Innovative CleanSmoke technology benefits resources and climate
The question of how the meat industry can become more sustainable and climate-friendly is currently the strongest catalyst for change and innovation. Sustainability is one of the Top Trends in the sector. At least, that’s how the organizers of this year’s IFFA meat trade fair see it for the energy-intensive industry. Among other things, this also applies to heating water and its consumption for cleaning plant premises.
The CleanSmoke smoking process is one of the innovations that can significantly save both energy and water compared to conventional smoking. Because of its special environmental compatibility, this modern process has already been awarded the title of “Best Available Technique” by the European Union.
CleanSmoke is a stable smoke freshly produced with compressed air from primary smoke condensate – free of harmful substances such as tar and ash and the contamination with polycyclic aromatic hydrocarbons (PAH) is largely eliminated.with compressed air from primary smoke condensate. This makes the product virtually free of substances such as tar, ash and polycyclic aromatics (PAH).
Also, the Consumers want more sustainable food and therefore reward innovative and climate-friendly products with greater willingness to buy. But currently, a lack of labeling makes it difficult to tell which products are truly environmentally friendly. “Innovations for more sustainability deserve the support of customers and should be recognizable with a label like the CleanSmoke seal,” says Uwe Vogel. He is chairman of the CleanSmoke Coalition, a joint initiative of primary smoke product manufacturers, food producers and retailers. The effect of such labels has also been proven by a study conducted by the University of Cambridge. The CO2 labeling on meals in the university cafeteria and the comparability it provides lead to visible effects. It made students choose meals with a low carbon footprint significantly more often. As a result, the average carbon footprint of all portions served was reduced by five percent.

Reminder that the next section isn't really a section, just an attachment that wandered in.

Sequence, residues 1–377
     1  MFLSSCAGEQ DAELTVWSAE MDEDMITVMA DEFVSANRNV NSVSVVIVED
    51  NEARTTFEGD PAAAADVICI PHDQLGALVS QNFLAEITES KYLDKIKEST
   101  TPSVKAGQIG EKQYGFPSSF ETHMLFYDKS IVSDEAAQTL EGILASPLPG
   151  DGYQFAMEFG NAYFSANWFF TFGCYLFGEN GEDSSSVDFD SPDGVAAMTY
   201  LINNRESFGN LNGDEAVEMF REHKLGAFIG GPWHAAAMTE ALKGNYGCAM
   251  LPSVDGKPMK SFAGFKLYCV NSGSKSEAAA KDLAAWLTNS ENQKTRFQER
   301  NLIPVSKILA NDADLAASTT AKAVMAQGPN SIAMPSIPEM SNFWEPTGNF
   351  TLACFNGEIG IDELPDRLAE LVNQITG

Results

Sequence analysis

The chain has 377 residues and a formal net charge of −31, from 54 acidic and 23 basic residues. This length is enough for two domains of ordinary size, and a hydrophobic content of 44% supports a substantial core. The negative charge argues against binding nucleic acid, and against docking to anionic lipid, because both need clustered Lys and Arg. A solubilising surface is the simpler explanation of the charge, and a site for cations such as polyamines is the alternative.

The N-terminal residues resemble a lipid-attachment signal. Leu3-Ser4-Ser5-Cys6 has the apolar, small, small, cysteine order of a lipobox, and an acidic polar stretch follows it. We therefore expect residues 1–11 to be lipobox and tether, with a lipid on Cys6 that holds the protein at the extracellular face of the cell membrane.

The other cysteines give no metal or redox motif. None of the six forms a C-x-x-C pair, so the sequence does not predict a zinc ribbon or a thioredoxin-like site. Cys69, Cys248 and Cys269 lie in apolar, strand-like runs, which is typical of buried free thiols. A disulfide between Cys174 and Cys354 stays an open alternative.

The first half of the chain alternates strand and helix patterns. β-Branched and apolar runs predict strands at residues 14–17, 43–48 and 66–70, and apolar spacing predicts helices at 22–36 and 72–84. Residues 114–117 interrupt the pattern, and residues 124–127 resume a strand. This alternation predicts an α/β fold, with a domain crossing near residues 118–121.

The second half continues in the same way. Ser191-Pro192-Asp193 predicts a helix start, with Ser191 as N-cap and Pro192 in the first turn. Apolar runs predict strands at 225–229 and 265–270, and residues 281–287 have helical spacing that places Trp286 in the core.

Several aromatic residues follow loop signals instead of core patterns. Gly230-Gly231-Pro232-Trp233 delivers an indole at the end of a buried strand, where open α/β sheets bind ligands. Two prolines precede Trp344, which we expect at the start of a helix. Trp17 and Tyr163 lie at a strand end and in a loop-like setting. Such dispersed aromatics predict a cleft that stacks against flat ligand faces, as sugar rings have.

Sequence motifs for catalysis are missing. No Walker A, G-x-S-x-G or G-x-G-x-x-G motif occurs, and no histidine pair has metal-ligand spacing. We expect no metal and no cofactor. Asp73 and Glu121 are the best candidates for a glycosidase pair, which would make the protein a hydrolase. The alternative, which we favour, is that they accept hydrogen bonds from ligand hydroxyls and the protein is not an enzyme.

The eco-balance speaks for CleanSmoke
According to a study by the German Institute of Food Technologies (DIL), CleanSmoke technology can save around 50 percent energy and, at the current energy mix, around 30 percent greenhouse gas emissions. This is based on the German market for smoked products. Currently, CleanSmoke is only used in about one-tenth of smoked foods. This allows a reduction of 7.2 percent in energy consumption and eight percent in climate gases. Overall, the potential savings in Germany alone amount to around 600 million kilowatt hours (kWh) of energy.
In addition, CleanSmoke consumes less than one-seventh of the water used in conventional smoking. If all smokehouses in Germany, for example, were to work with CleanSmoke, consumption would be around 66,000 cubic meters (m3) of water for cleaning the smoking facilities, according to the DIL, a good 15 percent of which is used for raw material production. In conventional smoking, both direct consumption for cleaning and indirect consumption for plant irrigation are significantly greater, at 545,000 and just under 357,000 m3, respectively. According to DIL, 479,000 m3 of water could therefore be saved in the cleaning of the smoking plants alone. This corresponds to the annual consumption of large cities such as Kiel or Gelsenkirchen. In addition, another 350,000 m3 of water could be saved within the supply chain.
Products smoked with CleanSmoke are thus made for the new demands for sustainability of the meat industry. “Smokehouses, as well as retailers and consumers, can easily reduce water and energy consumption with CleanSmoke,” says Vogel. “In this way, we protect resources and make our contribution to climate protection.”